Before you determine the big data sample size that makes sense with your company's goals, you need to get rid of the "junk" data. The trick is making sure you don't exclude valuable data.
"Casting your net" is one of the operative acts of big data gathering that enterprises engage in. Why? To assure that their sample is the correct size (particularly, large enough) of big data that they are drawing from for purposes of analysis and actionable conclusions.
Sizing the net for the optimum big data "catch" isn't easy. To do this, organizations have to make the correct calls on which big data is "junk" and therefore, excludable, and which big data has the potential to contribute to analysis — and answers — for the looming questions that the business wants to answer.
Let's talk about getting rid of the junk first.
In 2011, when the term big data began to take off, Walmart was already feeding its databases more than one million customer transactions per hour for a total of 2.5 petabytes of data, which was 167 times the total amount of data in the books in the US Library of Congress. Projections for internet traffic at that time were showing that cyberdata flows would exceed 667 exabytes by 2013; EMC now estimates that the growth of big data alone between 2009 and 2020 will be 45x. These burgeoning data stores are impacting data center storage, policies for keeping data under management, and database architectures and information processing. When this data comes in "unrefined" (i.e., unfiltered), there is real risk that you are committing your storage, database, and processing resources to a lot of useless data. This is why many companies in their big data initiatives seek out vendors or develop their own strategies for sifting out "junk" data before they commit the refined data product to database, storage, and processing resources.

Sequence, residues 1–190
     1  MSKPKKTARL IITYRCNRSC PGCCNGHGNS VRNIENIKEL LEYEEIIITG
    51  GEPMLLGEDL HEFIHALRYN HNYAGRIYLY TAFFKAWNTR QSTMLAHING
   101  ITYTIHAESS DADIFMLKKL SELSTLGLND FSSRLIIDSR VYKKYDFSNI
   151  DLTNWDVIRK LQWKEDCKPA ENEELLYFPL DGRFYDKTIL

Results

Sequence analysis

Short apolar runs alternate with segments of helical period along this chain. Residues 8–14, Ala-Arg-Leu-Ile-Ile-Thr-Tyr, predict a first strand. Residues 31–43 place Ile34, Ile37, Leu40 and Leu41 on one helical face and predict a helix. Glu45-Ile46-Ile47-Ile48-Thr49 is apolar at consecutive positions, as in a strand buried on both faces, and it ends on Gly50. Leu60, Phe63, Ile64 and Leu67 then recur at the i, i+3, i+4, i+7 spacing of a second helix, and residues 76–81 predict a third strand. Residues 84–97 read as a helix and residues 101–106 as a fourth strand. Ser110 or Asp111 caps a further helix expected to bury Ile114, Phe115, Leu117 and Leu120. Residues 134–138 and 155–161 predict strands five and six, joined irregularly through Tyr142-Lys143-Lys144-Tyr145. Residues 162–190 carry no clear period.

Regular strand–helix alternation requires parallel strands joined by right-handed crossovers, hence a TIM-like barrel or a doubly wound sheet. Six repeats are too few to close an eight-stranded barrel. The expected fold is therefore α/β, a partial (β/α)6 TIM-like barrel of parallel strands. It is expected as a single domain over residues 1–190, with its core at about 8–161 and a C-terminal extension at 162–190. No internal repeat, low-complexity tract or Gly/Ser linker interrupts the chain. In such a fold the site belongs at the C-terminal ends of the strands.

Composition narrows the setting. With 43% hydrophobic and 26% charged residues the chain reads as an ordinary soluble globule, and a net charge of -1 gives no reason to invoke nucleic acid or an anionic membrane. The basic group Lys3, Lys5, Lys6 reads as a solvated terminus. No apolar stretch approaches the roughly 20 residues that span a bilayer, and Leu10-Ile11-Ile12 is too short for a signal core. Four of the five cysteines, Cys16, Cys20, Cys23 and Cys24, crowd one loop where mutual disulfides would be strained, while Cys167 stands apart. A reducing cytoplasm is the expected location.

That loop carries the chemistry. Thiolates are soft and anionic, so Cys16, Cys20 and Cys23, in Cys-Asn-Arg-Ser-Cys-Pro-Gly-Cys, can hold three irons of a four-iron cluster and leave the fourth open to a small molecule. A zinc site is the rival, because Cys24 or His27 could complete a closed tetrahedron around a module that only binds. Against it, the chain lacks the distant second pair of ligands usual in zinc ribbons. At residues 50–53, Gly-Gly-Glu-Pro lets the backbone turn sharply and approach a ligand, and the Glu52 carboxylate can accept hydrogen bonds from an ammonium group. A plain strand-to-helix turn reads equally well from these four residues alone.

The danger is that you exclude data that could be valuable — if you only knew how to exploit it! This takes us to a discussion of an all-inclusive big data approach that virtually excludes nothing. Natural intelligence applications that look at all data in an associative manner that mimics how the human brain associates data and then assimilates it are a prime example.
Last week, I spoke with Ian Hersey, the chief product officer for Saffron Technology, which provides a cognitive computing platform for the Internet of Things. This platform is capable of cognitive thinking that emulates the associative functions of the human brain. "Like the human brain, we look at all the data, and we connect and index it at the entity level," said Hersey. "Through algorithms that emulate human thought association, we discover patterns in this data." The detection of similarities and patterns between the data is what enables the intelligence engine to learn from the data and to generate conclusions based upon what it has learned. Because no data is left behind, there is less chance to exclude data that seemingly isn't relevant but could turn out to be relevant later in analysis.
Filtered vs. non-filtered big data represent two approaches that enterprises can take in their big data harvesting. It's critical for enterprises to determine the appropriate degree of filtering for their big data needs in order to assure that the sample sizes of big data they collect are tuned to the task of what they need to analyze.
A good analogy is setting the aperture on a camera. How wide do you need to make the lens to assure that the data sheds the correct amount of light on the set of business problems you want to solve?
Every business has its own big data aims, so there is no one best practice, except to say that if "setting the lens" or determining how wide you are going to "cast your net" isn't an upfront strategic exercise, you could be missing the boat on your big data investment.